WASHINGTON – Former Attorney General John Ashcroft appears to have won a "backroom, sweetheart deal" worth millions of dollars to monitor a corporation accused of wrongdoing, the chairwoman of a House panel probing the federal contract said Tuesday.
Rep. Linda Sanchez, D-Calif., said Ashcroft received the contract, worth between $28 million and $52 million, without going through a bidding process. She was referring to reports that U.S. Attorney Christopher Christie hand-picked Ashcroft to monitor a corporation accused of wrongdoing in exchange for the company's avoiding prosecution, known as a "deferred prosecution agreement."
"I also was concerned to learn in press accounts that Mr. Ashcroft was selected with no public notice and no bidding and that he had to use considerable time to prepare for the assignment and learn more about the business that he was contracted to monitor," Sanchez, chair of the House Judiciary's subcommittee on commercial and administrative law.
In remarks prepared for testimony Tuesday before the panel, Ashcroft said he is limited in his ability to discuss the criminal case he is monitoring because it remains pending in federal District Court in New Jersey.
He said that deferred prosecution agreements help preserve "innocent employee jobs" and shareholder value of the corporations involved.
Ashcroft's testimony comes a day after the Justice Department issued new guidelines for administering deferred prosecution agreements in white-collar criminal cases.
The guidelines require that contracts for federal monitoring of corporations must be approved by the Justice Department's second-ranking official.
Assistant Attorney General Alice S. Fisher said the guidelines were designed to increase transparency in how independent monitors are selected, and clarify the scope and duration of their duties.
Rep. Frank Pallone, D-N.J., said the new guidelines were too weak and were offered "to thwart any effort to come up with stronger standards." Pallone is sponsoring a bill that would require federal judges to approve monitoring contracts.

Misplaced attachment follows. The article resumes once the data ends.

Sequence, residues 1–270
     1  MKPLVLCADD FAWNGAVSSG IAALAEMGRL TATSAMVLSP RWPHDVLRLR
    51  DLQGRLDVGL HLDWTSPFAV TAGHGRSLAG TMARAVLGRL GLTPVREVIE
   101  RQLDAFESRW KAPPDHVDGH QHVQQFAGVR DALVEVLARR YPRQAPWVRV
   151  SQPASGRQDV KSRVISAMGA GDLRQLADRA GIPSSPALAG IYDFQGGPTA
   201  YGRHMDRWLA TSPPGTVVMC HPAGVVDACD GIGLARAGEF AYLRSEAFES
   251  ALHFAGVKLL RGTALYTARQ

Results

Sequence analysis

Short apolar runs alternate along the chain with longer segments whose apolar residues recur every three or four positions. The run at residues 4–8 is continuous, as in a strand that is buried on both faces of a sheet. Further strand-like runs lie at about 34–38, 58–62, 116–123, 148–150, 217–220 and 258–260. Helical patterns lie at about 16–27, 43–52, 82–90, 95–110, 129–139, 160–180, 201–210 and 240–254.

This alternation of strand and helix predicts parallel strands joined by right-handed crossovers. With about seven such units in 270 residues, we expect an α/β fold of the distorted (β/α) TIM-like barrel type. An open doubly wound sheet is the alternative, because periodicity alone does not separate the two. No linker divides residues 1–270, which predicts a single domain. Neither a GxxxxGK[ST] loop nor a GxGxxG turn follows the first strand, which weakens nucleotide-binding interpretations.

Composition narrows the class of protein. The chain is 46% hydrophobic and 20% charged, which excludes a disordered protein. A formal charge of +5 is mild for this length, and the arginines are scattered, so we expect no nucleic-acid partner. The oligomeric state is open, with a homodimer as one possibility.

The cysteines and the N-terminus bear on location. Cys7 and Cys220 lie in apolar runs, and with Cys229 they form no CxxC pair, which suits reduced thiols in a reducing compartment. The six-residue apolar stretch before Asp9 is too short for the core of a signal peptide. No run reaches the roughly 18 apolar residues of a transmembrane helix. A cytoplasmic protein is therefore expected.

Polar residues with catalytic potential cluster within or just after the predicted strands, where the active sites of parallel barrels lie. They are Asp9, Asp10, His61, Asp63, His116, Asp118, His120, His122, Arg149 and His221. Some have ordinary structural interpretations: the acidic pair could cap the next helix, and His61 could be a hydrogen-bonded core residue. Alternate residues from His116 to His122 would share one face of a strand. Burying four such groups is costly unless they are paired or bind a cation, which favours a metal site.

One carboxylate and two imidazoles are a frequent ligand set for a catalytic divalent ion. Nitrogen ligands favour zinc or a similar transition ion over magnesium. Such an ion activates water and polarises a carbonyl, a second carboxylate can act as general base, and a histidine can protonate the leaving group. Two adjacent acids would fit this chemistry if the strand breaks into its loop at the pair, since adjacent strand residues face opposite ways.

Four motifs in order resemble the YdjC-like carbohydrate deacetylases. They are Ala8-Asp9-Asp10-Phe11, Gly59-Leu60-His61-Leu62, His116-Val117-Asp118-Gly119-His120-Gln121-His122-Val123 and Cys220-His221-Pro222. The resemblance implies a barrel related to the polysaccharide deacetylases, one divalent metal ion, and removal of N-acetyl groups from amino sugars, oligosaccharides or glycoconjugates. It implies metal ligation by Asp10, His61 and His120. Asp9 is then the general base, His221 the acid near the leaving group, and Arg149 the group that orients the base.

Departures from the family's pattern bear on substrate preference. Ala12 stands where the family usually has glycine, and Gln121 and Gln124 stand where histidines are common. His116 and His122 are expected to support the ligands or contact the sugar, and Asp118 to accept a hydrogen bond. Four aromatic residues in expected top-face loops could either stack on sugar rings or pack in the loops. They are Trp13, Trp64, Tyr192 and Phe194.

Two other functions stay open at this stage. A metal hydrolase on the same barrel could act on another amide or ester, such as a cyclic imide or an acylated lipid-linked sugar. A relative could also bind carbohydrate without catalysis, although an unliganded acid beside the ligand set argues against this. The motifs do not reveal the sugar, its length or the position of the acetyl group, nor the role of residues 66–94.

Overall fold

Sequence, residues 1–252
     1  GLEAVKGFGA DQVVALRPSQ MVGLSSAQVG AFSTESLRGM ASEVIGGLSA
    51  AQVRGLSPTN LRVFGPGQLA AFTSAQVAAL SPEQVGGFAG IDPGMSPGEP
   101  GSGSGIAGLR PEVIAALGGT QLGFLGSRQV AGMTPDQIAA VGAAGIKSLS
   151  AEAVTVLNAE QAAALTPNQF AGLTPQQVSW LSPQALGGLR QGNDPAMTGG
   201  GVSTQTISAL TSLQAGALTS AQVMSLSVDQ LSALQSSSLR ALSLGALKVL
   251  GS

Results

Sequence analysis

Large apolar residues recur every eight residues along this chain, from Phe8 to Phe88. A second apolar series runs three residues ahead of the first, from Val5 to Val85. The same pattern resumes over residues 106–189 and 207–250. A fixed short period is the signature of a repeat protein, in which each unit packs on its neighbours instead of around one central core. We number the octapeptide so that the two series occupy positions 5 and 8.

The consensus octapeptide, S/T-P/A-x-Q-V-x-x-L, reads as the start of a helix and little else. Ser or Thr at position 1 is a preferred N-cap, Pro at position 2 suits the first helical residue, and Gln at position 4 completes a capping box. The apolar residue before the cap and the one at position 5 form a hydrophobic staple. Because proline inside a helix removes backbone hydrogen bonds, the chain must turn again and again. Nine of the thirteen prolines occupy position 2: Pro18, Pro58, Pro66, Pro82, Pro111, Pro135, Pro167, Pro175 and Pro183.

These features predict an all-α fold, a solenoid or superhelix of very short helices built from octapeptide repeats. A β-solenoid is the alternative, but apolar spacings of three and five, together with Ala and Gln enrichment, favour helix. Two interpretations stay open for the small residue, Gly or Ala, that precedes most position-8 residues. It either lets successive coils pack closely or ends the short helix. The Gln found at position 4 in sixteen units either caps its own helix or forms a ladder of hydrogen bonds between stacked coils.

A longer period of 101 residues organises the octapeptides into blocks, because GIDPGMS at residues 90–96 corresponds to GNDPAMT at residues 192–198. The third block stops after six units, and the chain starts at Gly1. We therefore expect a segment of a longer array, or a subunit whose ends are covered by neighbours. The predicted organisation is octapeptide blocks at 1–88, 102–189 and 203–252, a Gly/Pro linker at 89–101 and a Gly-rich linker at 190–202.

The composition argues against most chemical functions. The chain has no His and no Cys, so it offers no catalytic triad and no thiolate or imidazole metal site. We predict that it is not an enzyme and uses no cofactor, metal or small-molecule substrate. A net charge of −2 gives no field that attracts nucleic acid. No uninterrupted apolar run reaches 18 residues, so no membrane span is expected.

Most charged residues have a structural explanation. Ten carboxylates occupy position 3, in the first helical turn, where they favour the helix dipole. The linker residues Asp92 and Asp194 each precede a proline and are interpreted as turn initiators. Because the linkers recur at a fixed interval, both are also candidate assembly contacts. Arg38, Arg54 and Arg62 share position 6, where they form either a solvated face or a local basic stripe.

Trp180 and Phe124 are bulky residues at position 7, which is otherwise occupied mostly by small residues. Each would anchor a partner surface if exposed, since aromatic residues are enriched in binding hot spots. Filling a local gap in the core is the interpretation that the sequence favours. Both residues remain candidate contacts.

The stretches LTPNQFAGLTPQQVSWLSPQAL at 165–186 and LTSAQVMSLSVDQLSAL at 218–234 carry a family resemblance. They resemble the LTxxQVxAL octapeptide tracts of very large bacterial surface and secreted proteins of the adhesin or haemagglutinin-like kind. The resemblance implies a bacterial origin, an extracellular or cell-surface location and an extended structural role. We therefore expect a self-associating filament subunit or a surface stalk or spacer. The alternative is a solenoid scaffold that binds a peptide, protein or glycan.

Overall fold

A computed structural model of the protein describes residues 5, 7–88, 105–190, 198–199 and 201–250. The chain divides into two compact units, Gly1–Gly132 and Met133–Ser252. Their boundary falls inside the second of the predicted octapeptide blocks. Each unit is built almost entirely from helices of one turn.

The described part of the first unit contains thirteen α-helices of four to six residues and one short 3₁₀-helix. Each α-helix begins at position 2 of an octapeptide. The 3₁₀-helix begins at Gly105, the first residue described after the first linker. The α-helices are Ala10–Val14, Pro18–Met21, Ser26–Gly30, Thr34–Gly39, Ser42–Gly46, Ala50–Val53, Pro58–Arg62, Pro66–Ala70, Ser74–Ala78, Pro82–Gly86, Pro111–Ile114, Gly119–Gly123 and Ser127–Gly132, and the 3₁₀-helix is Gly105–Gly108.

Generally, corporations hire monitors as part of a settlement agreement with the government. The monitors watch to make sure the corporations follow the agreement, and the monitors can report back to the government with the results. Deferred prosecution agreements have been around since the early 1990s, but have become more common in recent years in white-collar crime cases.
Sanchez pointed out that the government has tremendous leverage over corporations that agree to deferred prosecution.
"Corporations facing criminal prosecution have an unfair choice. They can either risk a conviction and perhaps even dissolution after trial or be coerced into accepting the terms and the monitor that a prosecutor unilaterally believes are appropriate," she said.
Christie in September picked Ashcroft to monitor Zimmer Holdings Inc. of Warsaw, Ind., a manufacturer of replacement hips and knees. Zimmer was one of five companies that agreed to pay a total of $310 million in fines to settle cases over alleged kickbacks to doctors.
Ashcroft's Washington-based consulting firm, The Ashcroft Group LLC, stands to make $27 million to $52 million from the contract, according to a filing with the Securities and Exchange Commission. Christie was once Ashcroft's subordinate at the Justice Department.
Zimmer's deferred prosecution agreement provides for dismissing a criminal complaint charging it with conspiracy to violate anti-kickback statutes if the outside monitor certifies after 18 months that the company has complied with the settlement's terms.